Also Reviewed:

The Hypnotist by M.J. Rose
The Memorist by M.J. Rose

About the Author:

M.J. Rose is the international best selling author of eleven novels and two non-fiction books on marketing. Her next novel THE BOOK OF LOST FRAGRANCES (Atria/S&S) will be published in March 2012.  Her fiction and non-fiction has appeared in many magazines and reviews including Oprah Magazine. She has been featured in the New York Times, Newsweek, Time, USA Today and on the Today Show, and NPR radio.  Rose graduated from Syracuse University, spent the ’80s in advertising, has a commercial in the Museum of Modern Art in NYC and since 2005 has run the first marketing company for authors – Authorbuzz.com.  The television series PAST LIFE, was based on Rose’s novels in the Renincarnationist series. She is one of the founding board members of International Thriller Writers and runs the blog- Buzz, Balls & Hype.  She is also the co-founder of Peroozal.com and BookTrib.com.

Rose lives in CT with her husband the musician and composer, Doug Scofield, and their very spoiled and often photographed dog, Winka.

For more information on M.J. Rose and her novels, please visit her WEBSITE. You can also find her on Facebook.

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Please follow the discussion on Twitter: With Hashtag: #LostFragrancesVirtualBookTour

Mailbox Monday #157

Mailbox Mondays (click the icon to check out the new blog) has gone on tour since Marcia at A Girl and Her Books, formerly The Printed Page passed the torch. This month’s host is the Let Them Read Books.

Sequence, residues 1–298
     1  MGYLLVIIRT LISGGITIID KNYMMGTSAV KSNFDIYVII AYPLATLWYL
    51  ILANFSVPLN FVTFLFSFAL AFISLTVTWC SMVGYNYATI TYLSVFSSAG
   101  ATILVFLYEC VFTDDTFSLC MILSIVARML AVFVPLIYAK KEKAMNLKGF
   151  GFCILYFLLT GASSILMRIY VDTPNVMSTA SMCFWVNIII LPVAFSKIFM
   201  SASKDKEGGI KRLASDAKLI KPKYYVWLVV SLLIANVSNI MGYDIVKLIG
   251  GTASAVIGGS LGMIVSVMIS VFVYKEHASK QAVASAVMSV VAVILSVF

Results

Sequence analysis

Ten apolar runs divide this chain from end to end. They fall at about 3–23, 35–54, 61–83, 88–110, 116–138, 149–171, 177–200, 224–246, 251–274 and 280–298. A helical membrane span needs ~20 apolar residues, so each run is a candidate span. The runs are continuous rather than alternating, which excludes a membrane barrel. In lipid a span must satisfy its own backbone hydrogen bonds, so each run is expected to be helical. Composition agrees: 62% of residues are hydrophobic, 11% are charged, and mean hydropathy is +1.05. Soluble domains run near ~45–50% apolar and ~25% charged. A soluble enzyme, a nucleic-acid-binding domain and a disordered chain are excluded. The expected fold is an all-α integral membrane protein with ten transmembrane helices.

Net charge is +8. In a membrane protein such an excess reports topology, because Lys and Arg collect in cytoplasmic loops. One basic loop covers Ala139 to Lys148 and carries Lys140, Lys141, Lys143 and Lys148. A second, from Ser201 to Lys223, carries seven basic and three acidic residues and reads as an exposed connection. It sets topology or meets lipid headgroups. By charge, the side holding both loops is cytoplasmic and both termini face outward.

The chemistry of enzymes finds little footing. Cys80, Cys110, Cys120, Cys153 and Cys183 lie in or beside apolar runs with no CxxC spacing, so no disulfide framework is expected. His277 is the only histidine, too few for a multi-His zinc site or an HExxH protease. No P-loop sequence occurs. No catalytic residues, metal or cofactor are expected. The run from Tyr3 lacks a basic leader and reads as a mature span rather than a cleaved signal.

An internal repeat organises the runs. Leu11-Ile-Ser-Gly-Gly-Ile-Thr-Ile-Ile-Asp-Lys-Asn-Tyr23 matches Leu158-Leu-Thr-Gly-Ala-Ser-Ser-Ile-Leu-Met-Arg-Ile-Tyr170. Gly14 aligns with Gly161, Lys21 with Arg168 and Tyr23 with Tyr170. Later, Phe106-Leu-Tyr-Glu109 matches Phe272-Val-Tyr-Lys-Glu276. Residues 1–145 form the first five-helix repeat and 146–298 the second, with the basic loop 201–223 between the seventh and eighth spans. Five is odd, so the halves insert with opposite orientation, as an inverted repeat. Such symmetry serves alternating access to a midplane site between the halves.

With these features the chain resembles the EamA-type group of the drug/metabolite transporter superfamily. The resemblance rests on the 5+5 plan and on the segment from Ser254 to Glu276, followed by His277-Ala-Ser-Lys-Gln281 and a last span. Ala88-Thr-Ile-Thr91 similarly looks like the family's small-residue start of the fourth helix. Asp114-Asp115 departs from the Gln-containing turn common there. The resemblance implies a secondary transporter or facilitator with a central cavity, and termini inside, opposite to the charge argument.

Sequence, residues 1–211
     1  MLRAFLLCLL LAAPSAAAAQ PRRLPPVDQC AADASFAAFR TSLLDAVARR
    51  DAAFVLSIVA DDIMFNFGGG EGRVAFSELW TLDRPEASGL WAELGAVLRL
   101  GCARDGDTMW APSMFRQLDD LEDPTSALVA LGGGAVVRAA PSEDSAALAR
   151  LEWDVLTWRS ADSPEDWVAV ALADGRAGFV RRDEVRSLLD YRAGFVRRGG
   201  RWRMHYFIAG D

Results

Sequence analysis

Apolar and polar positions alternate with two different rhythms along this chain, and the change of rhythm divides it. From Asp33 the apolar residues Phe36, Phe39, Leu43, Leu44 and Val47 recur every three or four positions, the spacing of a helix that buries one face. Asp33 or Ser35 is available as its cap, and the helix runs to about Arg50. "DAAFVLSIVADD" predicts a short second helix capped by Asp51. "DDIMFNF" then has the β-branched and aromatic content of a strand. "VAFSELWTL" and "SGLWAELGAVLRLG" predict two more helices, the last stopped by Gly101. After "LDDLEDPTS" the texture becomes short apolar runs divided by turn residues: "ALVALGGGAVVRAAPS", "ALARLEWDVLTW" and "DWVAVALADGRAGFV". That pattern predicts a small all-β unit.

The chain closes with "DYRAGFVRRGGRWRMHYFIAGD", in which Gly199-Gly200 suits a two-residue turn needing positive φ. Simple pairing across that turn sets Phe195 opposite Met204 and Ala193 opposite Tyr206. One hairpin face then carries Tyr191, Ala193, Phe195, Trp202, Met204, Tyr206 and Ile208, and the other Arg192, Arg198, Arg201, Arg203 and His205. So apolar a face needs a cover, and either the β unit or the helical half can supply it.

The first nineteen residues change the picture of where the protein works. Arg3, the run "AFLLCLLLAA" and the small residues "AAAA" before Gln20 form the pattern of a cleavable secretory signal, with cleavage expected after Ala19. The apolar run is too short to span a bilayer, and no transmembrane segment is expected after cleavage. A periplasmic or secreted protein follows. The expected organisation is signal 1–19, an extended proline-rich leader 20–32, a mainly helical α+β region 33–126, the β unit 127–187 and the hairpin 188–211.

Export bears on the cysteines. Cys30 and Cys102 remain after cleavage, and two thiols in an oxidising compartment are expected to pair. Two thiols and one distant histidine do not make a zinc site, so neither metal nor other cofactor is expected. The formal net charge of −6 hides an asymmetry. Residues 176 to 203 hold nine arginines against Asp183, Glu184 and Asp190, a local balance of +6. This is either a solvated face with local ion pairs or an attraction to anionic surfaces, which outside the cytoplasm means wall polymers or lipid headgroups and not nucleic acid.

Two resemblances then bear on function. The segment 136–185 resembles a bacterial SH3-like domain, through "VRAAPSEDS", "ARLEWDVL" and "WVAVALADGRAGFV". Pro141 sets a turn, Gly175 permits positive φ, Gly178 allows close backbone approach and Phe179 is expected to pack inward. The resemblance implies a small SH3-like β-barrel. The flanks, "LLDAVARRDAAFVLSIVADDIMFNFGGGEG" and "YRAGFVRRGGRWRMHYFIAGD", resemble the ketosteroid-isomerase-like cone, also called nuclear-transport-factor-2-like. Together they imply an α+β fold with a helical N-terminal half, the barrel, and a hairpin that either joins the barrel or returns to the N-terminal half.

Kristi of The Story Siren continues to sponsor her In My Mailbox meme.

Both of these memes allow bloggers to share what books they receive in the mail or through other means over the past week.

Just be warned that these posts can increase your TBR piles and wish lists.

Here’s what I received this week:

1.  The Confession by Charles Todd for review and the WWI Reading Challenge.

2.  Lovesick by Spencer Seidel for a book tour with Meryl Moss Media Relations in February.

3.  Cinder by Marissa Meyer from Shelf Awareness.

4.  The Book of Lost Fragrances by M.J. Rose for blog tour in February.

5.  Graveminder by Melissa Marr for TLC Book Tour.

6. Thirst No. 4: The Shadow of Death by Christopher Pike from my husband and daughter for Christmas.

7. The Night Circus by Erin Morgenstern from Anna and her family for Christmas.

8. The Tiny Book of Tiny Stories Volume 1 by Joseph Gordon-Levitt, which I purchased.

What did you receive?  I hope your holiday was filled with books.